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Bangers and Mash with Stout Onion Gravy is a traditional quick and easy dinner made from sausages, buttermilk mashed potatoes, and a savory gravy loaded with onions.

This recipe originated from the British Isles and can be made with any kind of sausage. The Irish Stout adds intense flavor to the sausage and the gravy.

Bangers and Mash with Stout Onion Gravy
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Why this recipe works:

The stout onion gravy take this meal over the top and is what ties everything together. Guinness was my stout beer of choice and the onions really added to the flavor of the gravy.

You don’t need to worry about the alcohol because it all gets cooked away, so this is a recipe that anyone can enjoy.

The sausages are crisp on the outside. The mashed potatoes are full of flavor and thick enough to hold the gravy. Make this recipe extra Irish by cooking up Colcannon.

I love making this recipe for St. Patrick’s Day, but it makes an outstanding dinner any time of year.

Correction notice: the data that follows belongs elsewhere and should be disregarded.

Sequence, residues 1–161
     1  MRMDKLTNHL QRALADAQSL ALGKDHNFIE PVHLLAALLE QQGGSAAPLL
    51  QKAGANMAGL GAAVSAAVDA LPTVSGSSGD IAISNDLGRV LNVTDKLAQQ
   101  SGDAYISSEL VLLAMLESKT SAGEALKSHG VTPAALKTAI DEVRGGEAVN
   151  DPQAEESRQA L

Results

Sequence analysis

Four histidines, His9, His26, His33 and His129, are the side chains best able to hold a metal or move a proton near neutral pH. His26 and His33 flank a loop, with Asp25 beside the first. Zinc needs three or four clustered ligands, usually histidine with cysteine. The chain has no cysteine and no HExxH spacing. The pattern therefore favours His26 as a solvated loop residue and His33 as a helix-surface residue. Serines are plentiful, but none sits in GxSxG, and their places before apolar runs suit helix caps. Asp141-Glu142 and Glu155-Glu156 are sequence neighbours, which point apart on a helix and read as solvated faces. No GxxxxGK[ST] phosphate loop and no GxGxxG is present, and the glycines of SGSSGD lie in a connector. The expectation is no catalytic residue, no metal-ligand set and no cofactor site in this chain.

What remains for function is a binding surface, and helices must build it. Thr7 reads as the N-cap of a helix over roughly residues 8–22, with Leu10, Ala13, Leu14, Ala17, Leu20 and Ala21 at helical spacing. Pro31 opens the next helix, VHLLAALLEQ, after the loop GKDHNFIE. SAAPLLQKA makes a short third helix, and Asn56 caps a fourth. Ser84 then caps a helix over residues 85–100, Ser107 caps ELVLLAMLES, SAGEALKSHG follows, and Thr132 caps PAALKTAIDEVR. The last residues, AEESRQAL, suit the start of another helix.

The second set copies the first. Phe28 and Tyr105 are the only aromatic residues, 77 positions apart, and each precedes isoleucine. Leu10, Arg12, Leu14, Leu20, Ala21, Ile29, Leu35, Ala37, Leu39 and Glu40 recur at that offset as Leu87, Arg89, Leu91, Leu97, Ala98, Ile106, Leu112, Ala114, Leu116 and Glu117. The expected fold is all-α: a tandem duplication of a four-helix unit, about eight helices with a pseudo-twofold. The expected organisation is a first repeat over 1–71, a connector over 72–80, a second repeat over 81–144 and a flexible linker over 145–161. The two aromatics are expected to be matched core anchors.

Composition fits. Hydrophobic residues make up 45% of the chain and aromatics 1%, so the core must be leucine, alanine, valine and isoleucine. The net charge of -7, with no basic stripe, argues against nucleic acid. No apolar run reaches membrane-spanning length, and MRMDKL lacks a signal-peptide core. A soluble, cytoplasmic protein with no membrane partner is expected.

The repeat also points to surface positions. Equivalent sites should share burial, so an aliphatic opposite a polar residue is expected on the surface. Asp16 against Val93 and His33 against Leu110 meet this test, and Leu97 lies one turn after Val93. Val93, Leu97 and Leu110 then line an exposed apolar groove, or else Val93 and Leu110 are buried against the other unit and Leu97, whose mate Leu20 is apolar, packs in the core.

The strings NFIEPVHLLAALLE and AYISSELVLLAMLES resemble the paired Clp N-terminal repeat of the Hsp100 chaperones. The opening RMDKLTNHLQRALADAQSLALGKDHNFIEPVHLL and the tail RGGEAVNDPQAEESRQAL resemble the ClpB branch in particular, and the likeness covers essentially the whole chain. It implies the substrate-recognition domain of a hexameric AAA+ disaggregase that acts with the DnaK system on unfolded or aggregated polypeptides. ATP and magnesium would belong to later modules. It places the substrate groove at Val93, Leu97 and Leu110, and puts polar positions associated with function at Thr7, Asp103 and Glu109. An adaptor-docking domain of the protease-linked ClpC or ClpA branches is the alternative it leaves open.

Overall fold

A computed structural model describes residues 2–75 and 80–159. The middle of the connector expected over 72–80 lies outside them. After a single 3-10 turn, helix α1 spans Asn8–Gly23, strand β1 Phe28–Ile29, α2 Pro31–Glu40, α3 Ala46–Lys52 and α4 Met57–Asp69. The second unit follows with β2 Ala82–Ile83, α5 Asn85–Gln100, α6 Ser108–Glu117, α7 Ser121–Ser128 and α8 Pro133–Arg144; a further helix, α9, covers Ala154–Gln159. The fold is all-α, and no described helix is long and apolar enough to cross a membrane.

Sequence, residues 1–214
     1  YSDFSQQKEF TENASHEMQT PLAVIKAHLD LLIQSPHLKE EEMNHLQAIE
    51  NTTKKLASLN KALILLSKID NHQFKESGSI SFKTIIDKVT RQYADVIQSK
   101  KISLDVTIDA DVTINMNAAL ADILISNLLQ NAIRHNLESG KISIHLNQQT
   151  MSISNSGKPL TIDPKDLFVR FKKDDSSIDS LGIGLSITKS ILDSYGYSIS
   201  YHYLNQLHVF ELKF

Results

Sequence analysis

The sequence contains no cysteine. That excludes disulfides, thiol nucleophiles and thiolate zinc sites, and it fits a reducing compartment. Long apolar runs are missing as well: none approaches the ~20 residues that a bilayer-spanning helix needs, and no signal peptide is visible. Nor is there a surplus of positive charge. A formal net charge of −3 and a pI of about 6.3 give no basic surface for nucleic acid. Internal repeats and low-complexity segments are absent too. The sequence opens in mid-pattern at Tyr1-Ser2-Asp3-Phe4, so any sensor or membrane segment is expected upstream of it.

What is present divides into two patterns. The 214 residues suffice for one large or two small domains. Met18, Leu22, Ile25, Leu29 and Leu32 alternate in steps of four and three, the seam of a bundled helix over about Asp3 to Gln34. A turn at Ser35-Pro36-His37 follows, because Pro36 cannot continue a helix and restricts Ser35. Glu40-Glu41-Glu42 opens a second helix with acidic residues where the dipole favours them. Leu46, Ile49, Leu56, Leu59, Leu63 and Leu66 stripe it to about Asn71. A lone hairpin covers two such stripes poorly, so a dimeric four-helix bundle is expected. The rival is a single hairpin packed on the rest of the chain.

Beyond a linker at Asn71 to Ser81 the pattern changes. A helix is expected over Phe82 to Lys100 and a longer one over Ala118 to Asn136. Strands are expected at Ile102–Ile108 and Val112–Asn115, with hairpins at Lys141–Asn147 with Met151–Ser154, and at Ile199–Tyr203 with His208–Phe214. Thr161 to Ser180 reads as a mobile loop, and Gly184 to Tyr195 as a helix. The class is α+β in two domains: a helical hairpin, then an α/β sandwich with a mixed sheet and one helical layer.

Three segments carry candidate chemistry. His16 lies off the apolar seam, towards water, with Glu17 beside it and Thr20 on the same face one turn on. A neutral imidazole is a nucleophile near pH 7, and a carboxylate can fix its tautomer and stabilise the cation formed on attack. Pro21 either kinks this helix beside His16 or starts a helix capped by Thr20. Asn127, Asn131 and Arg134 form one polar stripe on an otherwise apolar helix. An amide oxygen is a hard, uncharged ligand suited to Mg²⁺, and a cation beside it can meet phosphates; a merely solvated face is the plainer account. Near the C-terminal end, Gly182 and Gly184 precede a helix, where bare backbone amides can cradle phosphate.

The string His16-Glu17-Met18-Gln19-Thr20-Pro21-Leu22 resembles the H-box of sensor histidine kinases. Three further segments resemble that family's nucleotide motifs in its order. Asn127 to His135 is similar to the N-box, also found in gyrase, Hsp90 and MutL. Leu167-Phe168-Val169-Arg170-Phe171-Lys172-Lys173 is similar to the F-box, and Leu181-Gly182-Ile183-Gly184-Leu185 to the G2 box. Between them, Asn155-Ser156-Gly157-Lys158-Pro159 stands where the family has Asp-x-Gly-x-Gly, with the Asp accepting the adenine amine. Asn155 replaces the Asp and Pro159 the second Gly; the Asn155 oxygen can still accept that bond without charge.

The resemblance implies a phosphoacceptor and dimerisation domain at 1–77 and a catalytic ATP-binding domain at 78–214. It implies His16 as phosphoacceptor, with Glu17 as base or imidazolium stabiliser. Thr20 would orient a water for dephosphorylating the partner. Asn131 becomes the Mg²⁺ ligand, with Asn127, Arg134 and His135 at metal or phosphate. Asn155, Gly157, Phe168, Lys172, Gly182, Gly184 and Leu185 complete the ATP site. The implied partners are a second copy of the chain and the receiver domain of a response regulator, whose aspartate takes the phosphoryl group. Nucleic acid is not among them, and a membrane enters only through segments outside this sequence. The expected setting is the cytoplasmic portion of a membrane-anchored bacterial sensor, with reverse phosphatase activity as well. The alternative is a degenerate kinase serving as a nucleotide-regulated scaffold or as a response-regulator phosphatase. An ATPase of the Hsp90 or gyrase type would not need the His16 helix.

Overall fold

How to make it:

This is a three part recipe: sausages, gravy, mashed potatoes.

  1. Because the recipe starts with raw sausages, you have to ensure they get cooked through. I used a saute pan with a lid. I like to give them a good sear on the outside, but the lid helps steam the sausages and cook them all the way through.
  2. By adding Irish stout to the pan and then covering it, the stout evaporates into steam. This not only helps cook the sausage, but it infuses that intense dark flavor into the meat and makes it more tender.
  3. To cook the gravy, you’ll brown sliced onions in butter. Adding a little flour and allowing that to cook will help thicken it. Deglaze with more stout beer and then add beef broth.
  4. The mashed potatoes are made by boiling peeled potatoes. Once they’re soft, you’ll mash them with butter and buttermilk.

Cooking tips:

  • Sometimes it’s easier to find sausages that are pre-cooked. You can use these as well. Just ensure they get heated through.
  • You can use any kind of beer. Stout tastes great with the onions, but a nice wheat ale would also work.
  • The less frequently you stir the onions, the better they will brown.
How to make Bangers and Mash with Stout Onion Gravy

What does bangers and mash mean?

Bangers means sausage. Mash means mashed potatoes.